MH Abrams obituary

Publié le par The Guardian by Christopher Hawtree

 MH Abrams obituary

Scholar of literature and influential critic of the Romantics

MH Abrams believed that poetry should be read aloud to yield its full meaning. Photograph: Cornell University

MH Abrams believed that poetry should be read aloud to yield its full meaning. Photograph: Cornell University

In two works of literary and historical study, The Mirror and the Lamp (1953) and Natural Supernaturalism (1971), the American scholar MH Abrams, who has died aged 102, argued that metaphor was central to human communication, and that the emergent Romanticism of the later 18th century was pivotal in its sophisticated development. Between the two volumes, he compiled an anthology of English literature that was to become essential reading for generations of students, running to nine editions and 9m copies. The Norton Anthology of English Literature (two volumes, 1962) favoured whole works rather than extracts. “We believed that to understand literature you had to understand its place in history and culture,” Abrams said. He edited the section on Romantic poetry himself, and oversaw the six other section editors, whose literary choices spanned several centuries of writing.

Born in Long Branch, New Jersey, Abrams, named Meyer but known as Mike, was the son of Jewish migrants from Europe, and until starting school spoke only Yiddish at home. His father, a house painter, never pressed him and his younger brother to take a religious path, and his mother’s religious observance struck him as purely token. The family’s first scholarship winner, he went to Harvard to study English in 1930: if the Depression meant starving, it might as well be while doing something enjoyable.

An undergraduate essay upon Coleridge and others’ opium use became a short book, The Milk of Paradise: The Effects of Opium Visions on the Works of De Quincey, Crabbe, Francis Thompson, and Coleridge (1934), which gained him a year’s fellowship in Britain, at Cambridge. There, IA Richards’s close “practical criticism” was influential. Through him Abrams met WB Yeats (a phrase from whose introduction to the Oxford Book of Modern Verse of 1936 inspired The Mirror and The Lamp’s title) and came into the orbit of TS Eliot.

He married Ruth Gaynes in 1936 and completed a PhD in 1940, and the couple joined the psycho-acoustic laboratory at Harvard, which was run in secret by American intelligence services. There they worked on developing military codes that would be highly audible in a noisy military environment. The work was rooted in the study of psychology, phonetics and philology. This experience, perhaps, helped to fortify Abrams’s belief that poetry must be read aloud to yielded its full meaning.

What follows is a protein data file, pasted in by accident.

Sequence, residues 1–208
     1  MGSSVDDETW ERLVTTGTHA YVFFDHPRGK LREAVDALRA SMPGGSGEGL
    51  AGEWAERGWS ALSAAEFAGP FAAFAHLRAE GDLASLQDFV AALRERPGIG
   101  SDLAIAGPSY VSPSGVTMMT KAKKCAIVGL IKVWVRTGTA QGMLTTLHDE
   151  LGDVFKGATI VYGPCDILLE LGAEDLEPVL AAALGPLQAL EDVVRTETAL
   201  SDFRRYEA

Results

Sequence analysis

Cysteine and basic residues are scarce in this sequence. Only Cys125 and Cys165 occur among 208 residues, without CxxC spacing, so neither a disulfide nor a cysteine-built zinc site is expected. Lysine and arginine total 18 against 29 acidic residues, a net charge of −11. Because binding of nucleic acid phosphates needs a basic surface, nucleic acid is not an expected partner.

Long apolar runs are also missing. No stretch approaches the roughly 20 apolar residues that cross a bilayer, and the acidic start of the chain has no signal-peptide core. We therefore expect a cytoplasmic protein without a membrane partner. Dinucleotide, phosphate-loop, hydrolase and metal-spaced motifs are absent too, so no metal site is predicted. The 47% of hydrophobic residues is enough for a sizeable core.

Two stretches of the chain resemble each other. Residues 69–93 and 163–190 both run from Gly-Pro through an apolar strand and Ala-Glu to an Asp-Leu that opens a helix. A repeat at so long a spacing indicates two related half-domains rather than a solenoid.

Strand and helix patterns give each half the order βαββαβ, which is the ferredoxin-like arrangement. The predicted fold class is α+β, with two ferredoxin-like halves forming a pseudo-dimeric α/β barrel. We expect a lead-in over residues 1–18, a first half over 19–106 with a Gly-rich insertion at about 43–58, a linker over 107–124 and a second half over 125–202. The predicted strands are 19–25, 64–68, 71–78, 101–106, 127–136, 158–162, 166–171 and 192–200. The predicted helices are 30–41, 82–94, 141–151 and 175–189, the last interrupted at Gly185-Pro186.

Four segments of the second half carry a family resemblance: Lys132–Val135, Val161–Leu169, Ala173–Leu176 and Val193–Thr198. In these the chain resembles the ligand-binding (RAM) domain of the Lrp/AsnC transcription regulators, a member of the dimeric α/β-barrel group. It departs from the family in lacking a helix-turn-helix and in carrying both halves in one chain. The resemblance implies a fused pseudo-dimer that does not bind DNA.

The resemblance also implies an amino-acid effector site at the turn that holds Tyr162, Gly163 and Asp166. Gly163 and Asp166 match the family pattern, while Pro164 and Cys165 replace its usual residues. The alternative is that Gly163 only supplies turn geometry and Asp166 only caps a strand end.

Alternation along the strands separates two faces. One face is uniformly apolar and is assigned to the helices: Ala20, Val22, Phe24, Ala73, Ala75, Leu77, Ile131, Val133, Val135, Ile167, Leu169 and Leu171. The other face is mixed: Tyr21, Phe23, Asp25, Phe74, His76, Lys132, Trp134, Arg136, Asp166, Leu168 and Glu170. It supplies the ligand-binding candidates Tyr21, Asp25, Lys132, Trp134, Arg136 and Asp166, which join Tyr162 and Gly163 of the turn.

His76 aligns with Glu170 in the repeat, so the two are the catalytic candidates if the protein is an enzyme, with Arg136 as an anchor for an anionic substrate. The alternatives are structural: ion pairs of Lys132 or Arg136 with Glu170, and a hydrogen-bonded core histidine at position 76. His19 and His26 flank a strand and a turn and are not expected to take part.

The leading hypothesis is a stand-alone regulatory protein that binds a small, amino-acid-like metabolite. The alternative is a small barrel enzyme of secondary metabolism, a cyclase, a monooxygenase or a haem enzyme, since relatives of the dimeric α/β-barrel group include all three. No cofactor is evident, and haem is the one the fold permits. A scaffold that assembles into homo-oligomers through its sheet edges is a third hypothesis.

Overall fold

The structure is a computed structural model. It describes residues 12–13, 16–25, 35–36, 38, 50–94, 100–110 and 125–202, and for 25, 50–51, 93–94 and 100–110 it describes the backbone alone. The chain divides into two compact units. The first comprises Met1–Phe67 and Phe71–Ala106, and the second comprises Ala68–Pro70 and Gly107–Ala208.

In 1945 he became an assistant professor at Cornell, in Ithaca, New York, where overt antisemitism had declined with news of German persecutions – and a need to fill postwar posts. It was there that he wrote The Mirror and the Lamp. Recondite though Abrams’s forays into 18th-century German thought may have seemed, the book was a surprise success. Essentially, it argued that, where art and literature had once sought to reflect the real world, Romantic artists and writers sought to illuminate it, often by revealing their souls.

Though it was hugely influential, Abrams set greater store by Natural Supernaturalism, an examination of the key English and German Romantics which explores the nature of revolution from a cognitive rather than a political perspective, showing how ideas from earlier epochs invigorated the Romantic movement. It adroitly surveys the Romantic age to show that even as atheistic a poet as Shelley was steeped in the Bible.

Abrams looks back as readily at the religious thinkers St Augustine, Gerrard Winstanley and Thomas Burnet as he does at connections between the opening of William Wordsworth’s The Prelude and Marcel Proust’s A la Recherche du Temps Perdu. He explores pagan and biblical roots, mythic and conceptual formulations, all of which, come the 1790s, “constituted a genuine epoch in intellectual and cultural history; not, however, by absolute innovation but by a return to a mode of hereditary wisdom which was redefined, expanded and applied to the emerging world of continuous political, industrial, and social revolution and disorder, which is the world we live in today”.

Among other titles in a publishing career that lasted nearly 80 years was the frequently revised and republished A Glossary of Literary Terms (1957), no mere dictionary. Its miniature essays discuss, for example, Objective Correlative – a term “casually introduced by TS Eliot in an essay on Hamlet and his Problems (1919) whose subsequent vogue in literary criticism, Eliot has confessed, astonished its inventor”. Eliot believed that Shakespeare could not make the audience feel as Hamlet did through images, actions and characters – which is how an objective correlative would work – but could only describe his emotional state. Surprisingly, the entry for Novel brackets Ivanhoe and A Tale of Two Cities with Northwest Passage (1937) by Kenneth Roberts. Bombast points to its roots in cotton stuffing.

Abrams’s last book, The Fourth Dimension of a Poem (2012), came out when he was 100. In 2014 he received the National Humanities medal from President Barack Obama.

Ruth died in 2008. Abrams is survived by two daughters, two grandchildren and a great-grandson.

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